Wearside League newcomers West Auckland Tunns are based 4 miles from the town in the village of Cockfield. The County Durham village is on the edge of Teesdale and dates back to the Iron age, with Coal mining beginning in the area during the medieval period. The village grew significantly when the South West Durham coalfield was opened during the nineteenth and twentieth centuries, the last of which closed in 1962.

The club are based at the Pauline Charlton Sports Pavilion, which is tucked away off the main road which runs through the village. It was opened in 2014 and named after the late county councillor for Cockfield, who also served as the mayor of  Durham. The pitch is railed off on all sides with dugouts in front of the pavilion, which houses the dressing rooms and a refreshment hatch. The parish council has ambitious plans to more than double the size of one of the rooms, to accommodate a variety of community activities. 

West Auckland Tunns(9th) v Wolviston(2nd)
Wearside League matchday 10/9
2.30pm ko
The hosts got off to a flying start, when a corner kick was cleared by the defence into the path of the Steven Clough who fired in from 12 yards. The home team wasted that good opening period by gifting an equaliser, when a mix up between goalkeeper and defender allowed a simple tap in for Mike McGee.
Tuns had the chance to regain the lead on the hour from the penalty spot. I was standing behind the opposite goal and just before the kick was taking the Tuns ‘keeper turned to let me know they usually miss. He was right of course, as the weak shot was well saved by the Wolvo ‘keeper.
The visitors capitalized on Auckland’s poor finishing by wrapping up the match, with McGee firing in his second, before a corner kick was headed home by Andy McGirr at the far post with just minutes left. 

Matchday Stats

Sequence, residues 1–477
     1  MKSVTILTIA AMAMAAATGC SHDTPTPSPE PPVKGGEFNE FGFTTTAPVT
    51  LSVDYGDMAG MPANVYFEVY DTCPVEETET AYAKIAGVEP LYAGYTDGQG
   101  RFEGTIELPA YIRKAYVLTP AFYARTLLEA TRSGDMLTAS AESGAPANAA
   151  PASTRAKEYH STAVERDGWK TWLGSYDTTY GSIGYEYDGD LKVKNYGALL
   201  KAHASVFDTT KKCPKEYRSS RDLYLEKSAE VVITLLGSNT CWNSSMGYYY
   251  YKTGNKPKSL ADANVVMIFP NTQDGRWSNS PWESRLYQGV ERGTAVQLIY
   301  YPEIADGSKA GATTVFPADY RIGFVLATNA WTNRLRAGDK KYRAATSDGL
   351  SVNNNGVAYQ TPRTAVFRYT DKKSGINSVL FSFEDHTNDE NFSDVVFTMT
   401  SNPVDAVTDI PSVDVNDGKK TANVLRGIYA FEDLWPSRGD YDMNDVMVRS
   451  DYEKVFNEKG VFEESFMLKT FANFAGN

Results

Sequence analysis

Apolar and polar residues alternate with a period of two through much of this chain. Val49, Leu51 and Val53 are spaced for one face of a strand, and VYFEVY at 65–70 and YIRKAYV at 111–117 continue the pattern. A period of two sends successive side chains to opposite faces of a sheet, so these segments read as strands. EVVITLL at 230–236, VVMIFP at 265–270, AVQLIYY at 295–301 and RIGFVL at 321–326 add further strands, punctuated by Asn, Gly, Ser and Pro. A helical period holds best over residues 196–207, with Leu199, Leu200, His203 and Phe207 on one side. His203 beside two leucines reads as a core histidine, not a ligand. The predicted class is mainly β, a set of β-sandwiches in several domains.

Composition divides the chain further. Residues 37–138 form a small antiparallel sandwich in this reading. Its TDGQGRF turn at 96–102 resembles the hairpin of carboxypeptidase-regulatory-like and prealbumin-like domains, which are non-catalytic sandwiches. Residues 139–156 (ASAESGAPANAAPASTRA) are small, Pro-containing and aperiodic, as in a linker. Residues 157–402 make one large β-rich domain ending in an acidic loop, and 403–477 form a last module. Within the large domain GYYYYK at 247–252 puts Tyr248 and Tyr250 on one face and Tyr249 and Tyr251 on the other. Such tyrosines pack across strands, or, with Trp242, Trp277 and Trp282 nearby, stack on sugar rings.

WATFC 1(Clough 4)
WFC 3(McGee 25,75 McGirr 87)
Admission £2

Footnote I dunno if its Tunns with one N or two. I've seen both versions written on various websites, but in the end plumped for the two N version, as its displayed on the welcome sign. 

✔632 Vertigo Stadium

Skegness Town 4-1 Clay Cross Town
FA Vase 1st Qualifying Round
Saturday 1st September 2018

We visited Skegness Town for one of the last matches at Burgh Road before their move to Wainfleet Road in 2016, which you can read about here (including a potted history of the Lilywhites) The club went on to win the Lincolnshire League that season and followed up with a seventh title in 2016-17 seasons. On the 25th May 2018 it was announced that Skegness Town would be promoted to the Northern Counties East Football League Division One, after an absence of 36 years.

The Burgh Road ground has now been demolished and replaced with a small shopping centre. The new ground named Vertigo Stadium after the club's sponsors, was completed in mid 2017 in preparation for the start of the 2017-18 season. The stadium was officially opened on the 21st July by Mayor Danny Brookes before a friendly against a Lincoln City XI, which ended with a 3-1 win for the hosts. 
The stadium amenities are at the entrance behind the goal. The building proudly displays the club crest and has changing rooms, refreshment kiosk and the Vertigo Lounge bar. There is two basic stands on one side which are split with seats and standing, with the dugouts on the opposite side. The rest of the ground is open with hard standing. The local car wash has followed the football team to its new surroundings, working next to the turnstile entrance just as it was at the old place.